Thursday, 11 August 2011

Janet Albrechsten - Cabon debate has just begun.

If you read the Gillard government's $4 million mail-out last week about what a carbon price means for you, one lingering question remains unanswered. How will a carbon tax on the Australian economy combat global warming?

The government informs us, more than once, that the carbon tax will "cut 160 million tonnes of pollution from the atmosphere each year". But not once does the government inform us by how much the carbon tax will reduce global temperatures. The reason for the silence is simple. The carbon tax will make no difference to global temperatures.

And that explains why the debate about a carbon tax is far from over. The government, the Greens, climate change scientists and propagandists may wish it otherwise, but there is plenty left to say about a carbon tax and global warming. Speaking of debates, we had one of those rare events in Sydney last week.

Rare because it's hard to recall a similar event where the pros and cons of a carbon tax have been so publicly debated. Far better than the government's 18-page spin document, real information was forthcoming when the Spectator Australia magazine and the Institute of Public Affairs conducted an Oxford-style debate where the motion was "a carbon tax is needed to combat global warming".

As the Spectator Australia editorialised: "We realise many of these people lead busy lives and the Speccie is hardly the centre of the universe. But it is a tad coincidental that so many of the high priests of global warming orthodoxy seem so keen to avoid a debate about what Mr Combet has called the most radical reform in a generation to deal with what Kevin Rudd described as 'the greatest moral challenge of our time'." Equally disappointing is the refusal by our taxpayer-funded national broadcaster to interview Lawson, an economist and prominent member of the Thatcher government, on its premier political programs, ABC1's Lateline or 7.30 .

While Lawson did speak with ABC Radio National's Fran Kelly and the debate will be broadcast on ABC1 at some point, Aunty's main political forums rebuffed Lawson. What are they afraid of? But back to the Spectator Australia debate. Siding with Lawson to argue against a carbon tax were geologist Ian Plimer and former Keating government minister Gary Johns. Arguing in favour of a carbon tax was former Liberal leader John Hewson, climate scientist Ben McNeill and former Labor leader Mark Latham.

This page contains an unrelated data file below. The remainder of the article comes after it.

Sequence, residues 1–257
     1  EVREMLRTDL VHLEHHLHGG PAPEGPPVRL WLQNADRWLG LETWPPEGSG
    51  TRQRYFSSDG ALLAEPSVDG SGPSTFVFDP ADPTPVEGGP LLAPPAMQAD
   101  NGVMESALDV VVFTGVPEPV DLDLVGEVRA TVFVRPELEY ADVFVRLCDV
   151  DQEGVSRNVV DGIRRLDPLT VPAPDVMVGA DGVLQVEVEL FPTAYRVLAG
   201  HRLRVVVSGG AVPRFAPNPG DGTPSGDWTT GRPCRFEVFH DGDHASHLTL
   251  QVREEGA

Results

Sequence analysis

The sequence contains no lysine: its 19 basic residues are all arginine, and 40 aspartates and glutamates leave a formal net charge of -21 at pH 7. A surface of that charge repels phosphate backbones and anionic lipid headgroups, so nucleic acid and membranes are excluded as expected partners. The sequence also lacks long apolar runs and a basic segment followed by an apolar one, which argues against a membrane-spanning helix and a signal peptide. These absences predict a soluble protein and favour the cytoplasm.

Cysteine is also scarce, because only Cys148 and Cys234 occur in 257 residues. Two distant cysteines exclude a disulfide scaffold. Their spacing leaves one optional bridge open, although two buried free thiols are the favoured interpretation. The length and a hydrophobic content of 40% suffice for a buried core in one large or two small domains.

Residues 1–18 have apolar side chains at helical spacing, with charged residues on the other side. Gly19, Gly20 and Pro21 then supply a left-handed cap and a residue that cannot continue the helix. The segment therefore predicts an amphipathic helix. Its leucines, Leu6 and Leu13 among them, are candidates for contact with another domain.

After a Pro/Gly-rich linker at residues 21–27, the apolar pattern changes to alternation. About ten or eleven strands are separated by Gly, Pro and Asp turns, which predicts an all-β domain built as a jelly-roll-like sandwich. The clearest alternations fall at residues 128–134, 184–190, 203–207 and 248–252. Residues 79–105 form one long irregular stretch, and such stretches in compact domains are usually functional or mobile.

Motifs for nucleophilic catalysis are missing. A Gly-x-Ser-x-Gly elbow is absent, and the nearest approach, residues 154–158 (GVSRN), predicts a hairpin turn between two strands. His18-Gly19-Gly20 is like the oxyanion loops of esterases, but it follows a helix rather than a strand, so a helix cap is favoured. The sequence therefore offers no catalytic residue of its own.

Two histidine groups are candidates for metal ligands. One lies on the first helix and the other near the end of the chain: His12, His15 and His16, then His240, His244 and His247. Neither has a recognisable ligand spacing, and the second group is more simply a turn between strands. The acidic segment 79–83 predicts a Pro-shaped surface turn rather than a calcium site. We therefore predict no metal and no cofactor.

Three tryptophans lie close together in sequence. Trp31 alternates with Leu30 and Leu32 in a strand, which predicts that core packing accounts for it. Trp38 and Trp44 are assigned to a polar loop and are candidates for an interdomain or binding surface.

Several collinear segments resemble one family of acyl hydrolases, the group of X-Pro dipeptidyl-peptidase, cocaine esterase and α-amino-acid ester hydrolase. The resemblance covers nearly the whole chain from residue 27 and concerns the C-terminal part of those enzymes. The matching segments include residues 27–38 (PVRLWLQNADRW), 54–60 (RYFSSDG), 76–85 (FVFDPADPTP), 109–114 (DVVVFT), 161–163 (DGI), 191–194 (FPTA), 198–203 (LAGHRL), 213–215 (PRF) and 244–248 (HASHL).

When the climate scientist rose to speak in favour of a carbon tax, McNeill told the audience he would not talk about the science. The audience murmured a quiet "huh?". And herein lies the problem. The climate change scientists prefer not to engage dissenters about the science. At least McNeill fronted the debate. One invitee who declined huffed in response: "I don't participate in events put on by or for climate deniers . . . this event and others will more or less explicitly help to give [Lawson's] denialism credibility".

Actually, Lawson is not a denier and the emergence of a carbon tax does not end the debate about the science. Science is an ongoing journey of contestable ideas where even dissenting voices should be openly debated. After all, debate has a tendency to raise interesting questions.

Take this from one member of the audience. Curious about the assertion by the climate change proponents that the carbon tax will drive innovation, one young man said he was all in favour of innovation "but when one looks back on the history of human innovation, when Henry Ford invented the mass-produced automobile, he didn't need a horse tax to do it. When Thomas Edison invented the light bulb, he didn't need a tax on whale oil to do that". So why , do we need a heavy-handed carbon tax to drive innovation?

Or this equally pertinent question from Latham who supports action to combat climate change. He likened the carbon tax to a government trying to tax cigarettes by giving most of the tax dollars back to smokers, compensating the handful of tobacco companies who were required to pay the tax and not requiring many other tobacco companies to pay anything. How, asked Latham, can the Gillard government claim a conviction about global warming when it has an ersatz policy that does nothing to change human behaviour?

These are questions that the government cannot answer. To do so is to destroy their case for a carbon tax. Alluding to his own disastrous 1993 election loss when he failed to explain why Australia needed a goods and services tax, Hewson joked that he felt as if his side had been trying to explain the carbon footprint of a birthday cake. Alas, the carbon tax is no GST.

There are two reasons why politicians fail to sell a policy to voters. Either, it's good policy badly explained to voters. That was Hewson in 1993. (When explained well, John Howard received a mandate to introduce the economically sensible GST in 1998.) Or it's a bad policy that defies explanation. That is Gillard right now. No wonder she and her ministers do not want to debate the carbon tax.


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